Who is Ida Rolf? Dr. Rolf has been a strong willed woman of the 20th century. She was driven to help others and herself learn as much about the structural alignment and function of the human body, as was conceivably possible. She did just that and her legacy continues today at the Rolf Institute of Structural Integration.
Ida was born and raised in the Bronx in 1896. She graduated with a PhD in Biochemistry in 1920 and continued her work as a researcher studying not only chemistry, but Hatha Yoga, homeopathy, and osteopathy, as well. She shared her growing insights into the structure and function of the human body to anyone who was interested and would listen.
Who is Ida Rolf and why did she change the way we look at manual therapy? Perhaps her first steps along this path came from an early injury from a horse kick. This experience may have changed the course of her life. She found relief and recovery from and osteopathic treatment.
This injury may have played a role in the formation of her life's work, but her desire to provide a music education to her children was the key. Her first activity as a manual therapist began in 1930s when, she was looking for a music teacher for her children. She was introduced to a music teacher named Ethel, who had suffered a traumatic arm injury.
Ethel's condition had worsened to the point where she could no longer teach music. Dr. Rolf worked with her showing her yoga postures and performing her own brand of manual tissue manipulation. Ida was successful at helping Ethel return to teaching music. The foundation for structural integration had been laid.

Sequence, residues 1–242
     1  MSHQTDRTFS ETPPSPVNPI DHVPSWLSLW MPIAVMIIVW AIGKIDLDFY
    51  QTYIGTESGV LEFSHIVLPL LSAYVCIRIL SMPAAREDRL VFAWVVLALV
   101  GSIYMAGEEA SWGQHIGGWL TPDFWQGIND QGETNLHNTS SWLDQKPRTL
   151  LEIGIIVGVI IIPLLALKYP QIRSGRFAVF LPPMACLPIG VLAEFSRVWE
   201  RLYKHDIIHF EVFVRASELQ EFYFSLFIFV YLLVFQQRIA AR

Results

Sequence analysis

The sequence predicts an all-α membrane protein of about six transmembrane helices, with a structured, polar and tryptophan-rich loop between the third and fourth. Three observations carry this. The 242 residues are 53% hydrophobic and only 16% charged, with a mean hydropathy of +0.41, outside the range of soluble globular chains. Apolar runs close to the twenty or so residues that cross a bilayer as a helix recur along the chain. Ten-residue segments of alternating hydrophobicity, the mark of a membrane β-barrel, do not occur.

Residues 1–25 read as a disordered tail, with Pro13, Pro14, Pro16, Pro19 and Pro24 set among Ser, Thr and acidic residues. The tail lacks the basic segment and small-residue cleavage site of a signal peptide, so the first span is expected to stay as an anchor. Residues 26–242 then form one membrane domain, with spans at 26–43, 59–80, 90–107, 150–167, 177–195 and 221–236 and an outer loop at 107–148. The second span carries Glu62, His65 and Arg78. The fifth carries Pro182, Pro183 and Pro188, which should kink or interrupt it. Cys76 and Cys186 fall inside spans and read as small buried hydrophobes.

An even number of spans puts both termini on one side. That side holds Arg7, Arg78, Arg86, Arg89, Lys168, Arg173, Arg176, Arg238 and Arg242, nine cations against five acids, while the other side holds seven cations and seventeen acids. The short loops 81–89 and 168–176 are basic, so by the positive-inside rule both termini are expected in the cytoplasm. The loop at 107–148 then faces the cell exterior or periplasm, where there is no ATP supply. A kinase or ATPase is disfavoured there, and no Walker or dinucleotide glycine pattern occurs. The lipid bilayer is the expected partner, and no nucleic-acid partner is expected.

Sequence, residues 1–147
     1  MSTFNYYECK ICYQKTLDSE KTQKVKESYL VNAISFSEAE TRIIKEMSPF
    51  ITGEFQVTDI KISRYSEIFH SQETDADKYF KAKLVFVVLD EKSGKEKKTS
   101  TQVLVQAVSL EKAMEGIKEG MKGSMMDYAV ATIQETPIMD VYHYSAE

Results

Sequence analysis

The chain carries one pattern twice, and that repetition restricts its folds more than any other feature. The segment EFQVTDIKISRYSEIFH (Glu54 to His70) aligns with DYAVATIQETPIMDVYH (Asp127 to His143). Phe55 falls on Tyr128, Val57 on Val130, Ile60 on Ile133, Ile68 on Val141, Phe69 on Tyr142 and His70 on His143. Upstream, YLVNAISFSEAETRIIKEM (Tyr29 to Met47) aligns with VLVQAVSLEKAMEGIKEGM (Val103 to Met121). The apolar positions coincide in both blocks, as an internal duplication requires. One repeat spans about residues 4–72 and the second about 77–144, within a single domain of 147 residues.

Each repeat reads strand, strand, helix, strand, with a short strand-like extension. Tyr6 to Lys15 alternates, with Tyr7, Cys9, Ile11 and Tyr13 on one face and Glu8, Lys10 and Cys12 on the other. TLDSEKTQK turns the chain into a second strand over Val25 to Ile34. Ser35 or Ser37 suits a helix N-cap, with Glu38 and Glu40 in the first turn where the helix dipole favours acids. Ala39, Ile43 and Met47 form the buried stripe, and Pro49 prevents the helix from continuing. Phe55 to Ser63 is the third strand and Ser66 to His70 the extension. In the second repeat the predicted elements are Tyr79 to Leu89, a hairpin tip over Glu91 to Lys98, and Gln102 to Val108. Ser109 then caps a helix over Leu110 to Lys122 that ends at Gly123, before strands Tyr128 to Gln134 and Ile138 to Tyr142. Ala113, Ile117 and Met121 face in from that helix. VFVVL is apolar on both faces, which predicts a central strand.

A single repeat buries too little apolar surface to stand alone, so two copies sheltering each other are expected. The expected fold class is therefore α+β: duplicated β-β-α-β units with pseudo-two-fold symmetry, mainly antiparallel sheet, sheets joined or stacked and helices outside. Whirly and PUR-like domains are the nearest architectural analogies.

Ida's reputation as someone who could heal disabling injury grew. Ethel had friends with issues who had other friends with structural injuries and the chain of referrals began. Dr. Rolf always communicated to her patients and students that her first and most important revelation was that the human body would heal itself and only needed a little guidance from trained movement and manual therapy instructors. These individuals needed to understand that the body had to be aligned with gravity.
Gravity was the force that Ida believed pulled the body out of alignment. Dr. Rolf worked tirelessly to learn as much as she could from the natural sciences. She applied her own insights along the way into a form of manual therapy that she called structural integration. In the 1940's She consolidated her technique into 10 body segment work sessions.
It was not until the 50's that her efforts began to expand beyond her local practice. Dr. Rolf had always been a researcher and educator. She offered training and workshops for Osteopaths and Chiropractors, but as the 60s rolled in she found herself immersed in the Human Potential Movement.
In the 60s several studies on the effects of Rolfing were carried out that established its efficacy as a constructive manual therapy. In the course of her practice, she worked with some of the notable leaders of movement therapy, including Moshe Feldenkrais and Fritz Perls. Ida also published several papers, published her book and continued to teach her program of 10 sessions.
Already in her seventies Dr. Rolf was determined to make sure her work continued. So, the Rolf Institute of Structural Integration with a strict certification program was formed. Ida had no patients for immaturity and required that her students had a manual therapy practice or some kind of education before they choose to study Rolfing.
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